High Country News November 29, 1993
Butte wants to transform its Superfund mine cleanup into a tourist attraction.
A California developer proposes a huge resort development in North Park, Colo.
Hantavirus is still a potent epidemic in many western states.
A group of ranchers calls for Bruce Babbitt's resignation, charging misconduct and dirty politics.
The Forest Service changes reduces logging and roadbuilding in Flathead National Forest and Glacier National Park in order to protect grizzly habitat.
A group of Colorado ranchers and environmentalists tell Bruce Babbitt they can solve grazing reform gridlock.
The possible construction of the Crown Jewel mine divides a community in Okanogan County, Wash.
Wildlife biologist Jack Ward Thomas is appointed as the new chief of the Forest Service.
Ownership of the Red Canyon Ranch in Wyoming will be transferred to The Nature Conservancy.
The Sierra Club charges that a Texaco oil refinery is polluting the North Platte River in Wyoming.
Utahns urge Colorado Gov. Romer not to allow Umetco to dump radioactive waste at Uravan, Colo.
Author Rik Scarce is released from jail after refusing to talk to a judge about the Animal Liberation Front's involvement in vandalism at Washington State University.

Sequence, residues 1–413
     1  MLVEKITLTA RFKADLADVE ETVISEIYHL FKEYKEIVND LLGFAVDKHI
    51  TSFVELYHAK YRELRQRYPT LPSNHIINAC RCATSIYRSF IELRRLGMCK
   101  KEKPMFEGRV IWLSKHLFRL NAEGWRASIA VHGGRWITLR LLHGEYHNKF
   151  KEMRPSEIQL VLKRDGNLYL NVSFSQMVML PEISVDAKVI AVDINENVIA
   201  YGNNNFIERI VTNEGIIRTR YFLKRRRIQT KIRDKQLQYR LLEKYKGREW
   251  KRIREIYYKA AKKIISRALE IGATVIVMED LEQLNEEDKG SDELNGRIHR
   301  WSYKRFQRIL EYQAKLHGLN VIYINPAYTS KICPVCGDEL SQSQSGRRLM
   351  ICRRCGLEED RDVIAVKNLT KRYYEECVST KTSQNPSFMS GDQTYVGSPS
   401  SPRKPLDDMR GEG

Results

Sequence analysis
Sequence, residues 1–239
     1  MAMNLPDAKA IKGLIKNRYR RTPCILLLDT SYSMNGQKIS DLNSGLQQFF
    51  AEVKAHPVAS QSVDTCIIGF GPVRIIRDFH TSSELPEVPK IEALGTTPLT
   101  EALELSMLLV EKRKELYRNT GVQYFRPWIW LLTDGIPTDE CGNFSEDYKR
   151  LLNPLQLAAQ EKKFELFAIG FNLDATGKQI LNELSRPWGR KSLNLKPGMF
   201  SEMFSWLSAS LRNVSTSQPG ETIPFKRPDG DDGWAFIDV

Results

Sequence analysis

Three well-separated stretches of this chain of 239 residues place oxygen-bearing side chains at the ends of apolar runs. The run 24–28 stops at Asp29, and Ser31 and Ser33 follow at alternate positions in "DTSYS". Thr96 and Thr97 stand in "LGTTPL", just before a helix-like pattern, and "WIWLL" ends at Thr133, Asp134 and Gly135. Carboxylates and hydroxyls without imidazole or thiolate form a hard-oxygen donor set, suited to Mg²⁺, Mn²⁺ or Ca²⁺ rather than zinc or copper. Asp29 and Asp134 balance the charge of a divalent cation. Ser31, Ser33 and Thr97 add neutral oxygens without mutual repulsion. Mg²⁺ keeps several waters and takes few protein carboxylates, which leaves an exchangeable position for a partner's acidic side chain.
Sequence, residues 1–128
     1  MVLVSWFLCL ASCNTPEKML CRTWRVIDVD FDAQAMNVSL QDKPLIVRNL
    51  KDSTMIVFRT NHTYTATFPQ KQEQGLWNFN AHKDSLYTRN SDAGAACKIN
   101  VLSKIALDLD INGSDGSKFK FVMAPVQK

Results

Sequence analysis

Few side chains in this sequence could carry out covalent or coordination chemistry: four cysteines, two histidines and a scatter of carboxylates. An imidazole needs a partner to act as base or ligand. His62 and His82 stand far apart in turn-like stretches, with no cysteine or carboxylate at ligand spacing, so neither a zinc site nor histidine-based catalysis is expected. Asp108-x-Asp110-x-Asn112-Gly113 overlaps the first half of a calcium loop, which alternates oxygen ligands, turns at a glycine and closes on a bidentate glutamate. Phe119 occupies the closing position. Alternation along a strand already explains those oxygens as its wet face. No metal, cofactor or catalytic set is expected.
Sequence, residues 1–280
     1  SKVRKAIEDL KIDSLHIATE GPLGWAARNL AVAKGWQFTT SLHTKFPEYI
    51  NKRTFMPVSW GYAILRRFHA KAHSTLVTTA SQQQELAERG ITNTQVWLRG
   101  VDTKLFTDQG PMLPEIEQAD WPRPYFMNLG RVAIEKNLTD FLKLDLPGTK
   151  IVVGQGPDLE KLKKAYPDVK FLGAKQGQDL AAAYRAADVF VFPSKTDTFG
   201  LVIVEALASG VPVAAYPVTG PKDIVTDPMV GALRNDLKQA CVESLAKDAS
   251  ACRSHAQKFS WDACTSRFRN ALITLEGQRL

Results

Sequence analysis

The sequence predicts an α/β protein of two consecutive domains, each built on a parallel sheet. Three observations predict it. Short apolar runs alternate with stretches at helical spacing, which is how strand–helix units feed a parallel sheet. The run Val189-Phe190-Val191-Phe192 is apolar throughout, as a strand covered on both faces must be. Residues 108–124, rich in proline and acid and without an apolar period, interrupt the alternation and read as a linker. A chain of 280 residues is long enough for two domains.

Public Service Company of Colorado is asking its customers to pay an additional fee to research renewable energy sources.
Operators at Montana's Libby Dam will again try to keep the Kootenai River white sturgeon off the endangered species list.
The U.S. Forest Service cancells a special-use permit for the Valbois ski resort in Idaho.
University of Montana economist Thomas Michael Power says the mining reform bill proposed by Rep. Nick Rahall will help the West economically.
'Falcon Magazine' helps children learn about wildlife and natural resource issues.
'Goldfield: The last Gold Rush on the Western Frontier' by Sally Zanjani showcases a boomtown with a thousand stories.
The Great Bear Foundation will hold its annual membership meeting at the Mountaineer's Club in Seattle.
The Friends of the Animas River seek Wild and Scenic River designation.
An LA Times article, "Psyched Out', suggests that activism has therapeutic benefits.
The Colorado Division of Wildlife's brochure, "Living with Wildlife in Lion Country,' answers questions about cougars.
The Xerces Society wages the battle for biological diversity by acting as an advocate for invertebrate populations.
The Montana Wilderness Association holds its 35th annual convention in Helena.
The Northwest Coalition for Alternatives to Pesticide Reform publishes the "Journal of Pesticide Reform'.
Idaho Governor Cecil Andrus publishes a brochure, "Snake River Salmon: National treasure at risk of extinction.'
The National Park Service weighs the benefits of four management plans limiting numbers within Grand Canyon National Park.
Bruce Babbitt's plan to alleviate overcrowding at Grand Canyon involves eliminating cars, planes and Tusayan, Ariz.
Metanetix, Mycotech and other companies see opportunity in cleaning up Butte's Superfund site.